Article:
OX40L blockade is therapeutic in arthritis, despite promoting osteoclastogenesis.
Gwyer Findlay E., Danks L., Madden J., Cavanagh MM., McNamee K., McCann F., Snelgrove RJ., Shaw S., Feldmann M., Taylor PC., Horwood NJ., Hussell T.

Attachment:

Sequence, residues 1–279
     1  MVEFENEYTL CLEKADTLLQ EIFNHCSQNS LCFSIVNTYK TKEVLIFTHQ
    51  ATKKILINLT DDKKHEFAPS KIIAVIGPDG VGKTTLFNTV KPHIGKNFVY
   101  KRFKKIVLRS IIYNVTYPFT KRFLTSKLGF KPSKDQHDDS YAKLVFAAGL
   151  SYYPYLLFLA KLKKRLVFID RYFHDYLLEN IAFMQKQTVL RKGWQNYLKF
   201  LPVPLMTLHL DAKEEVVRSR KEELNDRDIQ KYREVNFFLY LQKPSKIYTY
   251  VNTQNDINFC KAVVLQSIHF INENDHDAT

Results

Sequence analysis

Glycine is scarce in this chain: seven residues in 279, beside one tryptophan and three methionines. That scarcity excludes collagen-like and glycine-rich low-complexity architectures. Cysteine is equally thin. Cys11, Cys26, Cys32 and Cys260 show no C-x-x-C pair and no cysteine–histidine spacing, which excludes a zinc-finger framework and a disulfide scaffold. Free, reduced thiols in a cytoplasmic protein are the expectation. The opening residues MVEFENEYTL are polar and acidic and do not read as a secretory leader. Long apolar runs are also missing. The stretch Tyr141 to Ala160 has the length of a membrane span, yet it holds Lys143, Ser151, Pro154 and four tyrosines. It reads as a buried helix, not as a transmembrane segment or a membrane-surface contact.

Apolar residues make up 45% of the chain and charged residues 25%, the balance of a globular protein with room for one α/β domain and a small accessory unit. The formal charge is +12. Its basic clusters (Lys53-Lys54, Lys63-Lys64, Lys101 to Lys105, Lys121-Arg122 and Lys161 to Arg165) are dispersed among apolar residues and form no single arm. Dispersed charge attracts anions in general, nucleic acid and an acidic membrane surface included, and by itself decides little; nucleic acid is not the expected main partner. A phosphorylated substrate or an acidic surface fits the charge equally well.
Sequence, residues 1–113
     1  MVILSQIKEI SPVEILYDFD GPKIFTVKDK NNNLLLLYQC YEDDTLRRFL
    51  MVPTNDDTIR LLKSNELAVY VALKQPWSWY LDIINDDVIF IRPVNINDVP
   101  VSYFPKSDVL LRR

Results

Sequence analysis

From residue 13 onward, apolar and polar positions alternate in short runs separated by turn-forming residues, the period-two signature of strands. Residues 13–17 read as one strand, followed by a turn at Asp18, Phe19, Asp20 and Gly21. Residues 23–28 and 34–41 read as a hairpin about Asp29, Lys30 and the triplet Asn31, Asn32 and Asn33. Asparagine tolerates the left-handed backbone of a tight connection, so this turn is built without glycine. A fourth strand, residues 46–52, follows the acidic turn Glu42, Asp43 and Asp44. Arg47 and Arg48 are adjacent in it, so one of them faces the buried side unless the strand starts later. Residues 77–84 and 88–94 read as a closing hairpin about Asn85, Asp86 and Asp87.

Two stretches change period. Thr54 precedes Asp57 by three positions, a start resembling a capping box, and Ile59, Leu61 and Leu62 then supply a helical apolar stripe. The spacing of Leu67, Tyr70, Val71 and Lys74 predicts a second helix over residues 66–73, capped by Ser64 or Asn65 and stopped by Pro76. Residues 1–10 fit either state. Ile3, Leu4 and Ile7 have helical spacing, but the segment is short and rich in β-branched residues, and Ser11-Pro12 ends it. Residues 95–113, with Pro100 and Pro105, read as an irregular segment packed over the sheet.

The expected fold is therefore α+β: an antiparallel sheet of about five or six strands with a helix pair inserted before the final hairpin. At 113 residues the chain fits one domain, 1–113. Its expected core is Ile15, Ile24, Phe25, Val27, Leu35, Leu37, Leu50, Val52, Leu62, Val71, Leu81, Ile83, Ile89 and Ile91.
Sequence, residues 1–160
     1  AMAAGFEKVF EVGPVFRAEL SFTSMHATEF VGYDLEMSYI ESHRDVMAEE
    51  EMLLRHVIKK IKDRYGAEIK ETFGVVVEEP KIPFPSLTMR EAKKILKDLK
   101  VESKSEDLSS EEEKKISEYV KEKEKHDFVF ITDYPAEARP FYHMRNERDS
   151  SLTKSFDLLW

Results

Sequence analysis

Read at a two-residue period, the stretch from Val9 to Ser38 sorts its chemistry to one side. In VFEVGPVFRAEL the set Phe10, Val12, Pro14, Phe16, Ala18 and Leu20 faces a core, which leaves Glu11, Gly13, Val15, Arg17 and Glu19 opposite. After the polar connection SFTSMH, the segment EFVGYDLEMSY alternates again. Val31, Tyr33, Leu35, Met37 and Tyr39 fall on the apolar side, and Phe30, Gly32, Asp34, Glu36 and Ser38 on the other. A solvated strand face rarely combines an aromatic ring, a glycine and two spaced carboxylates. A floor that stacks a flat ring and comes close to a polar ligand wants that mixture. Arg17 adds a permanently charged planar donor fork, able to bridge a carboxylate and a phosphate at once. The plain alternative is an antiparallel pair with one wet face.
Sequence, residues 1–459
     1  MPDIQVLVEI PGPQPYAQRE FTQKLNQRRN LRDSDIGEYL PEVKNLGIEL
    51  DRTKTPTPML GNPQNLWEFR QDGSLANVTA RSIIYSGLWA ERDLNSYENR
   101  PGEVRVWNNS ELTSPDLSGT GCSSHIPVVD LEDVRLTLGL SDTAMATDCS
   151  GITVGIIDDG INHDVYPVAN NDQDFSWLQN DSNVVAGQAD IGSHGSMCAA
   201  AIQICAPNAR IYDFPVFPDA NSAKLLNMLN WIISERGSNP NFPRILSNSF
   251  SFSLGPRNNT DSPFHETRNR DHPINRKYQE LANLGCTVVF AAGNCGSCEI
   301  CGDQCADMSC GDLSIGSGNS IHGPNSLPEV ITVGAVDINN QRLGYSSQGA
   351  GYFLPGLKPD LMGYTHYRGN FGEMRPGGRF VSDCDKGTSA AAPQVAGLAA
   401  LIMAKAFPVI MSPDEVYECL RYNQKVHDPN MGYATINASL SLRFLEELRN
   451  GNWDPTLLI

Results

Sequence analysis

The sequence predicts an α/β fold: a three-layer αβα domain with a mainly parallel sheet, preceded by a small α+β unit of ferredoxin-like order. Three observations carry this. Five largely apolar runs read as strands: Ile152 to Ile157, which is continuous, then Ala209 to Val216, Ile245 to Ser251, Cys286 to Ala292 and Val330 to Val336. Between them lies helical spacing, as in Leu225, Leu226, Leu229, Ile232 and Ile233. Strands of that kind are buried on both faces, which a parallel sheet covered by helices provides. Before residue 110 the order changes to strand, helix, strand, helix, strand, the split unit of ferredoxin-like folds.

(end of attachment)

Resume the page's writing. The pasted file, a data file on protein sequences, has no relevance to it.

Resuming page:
An immune response is essential for protection against infection, but, in many individuals, aberrant responses against self tissues cause autoimmune diseases such as rheumatoid arthritis (RA). How to diminish the autoimmune response while not augmenting infectious risk is a challenge. Modern targeted therapies such as anti-TNF or anti-CD20 antibodies ameliorate disease, but at the cost of some increase in infectious risk. Approaches that might specifically reduce autoimmunity and tissue damage without infectious risk would be important. Here we describe that TNF superfamily member OX40 ligand (OX40L; CD252), which is expressed predominantly on antigen-presenting cells, and its receptor OX40 (on activated T cells), are restricted to the inflamed joint in arthritis in mice with collagen-induced arthritis and humans with RA. Blockade of this pathway in arthritic mice reduced inflammation and restored tissue integrity predominantly by inhibiting inflammatory cytokine production by OX40L-expressing macrophages. Furthermore, we identify a previously unknown role for OX40L in steady-state bone homeostasis. This work shows that more targeted approaches may augment the "therapeutic window" and increase the benefit/risk in RA, and possibly other autoimmune diseases, and are thus worth testing in humans.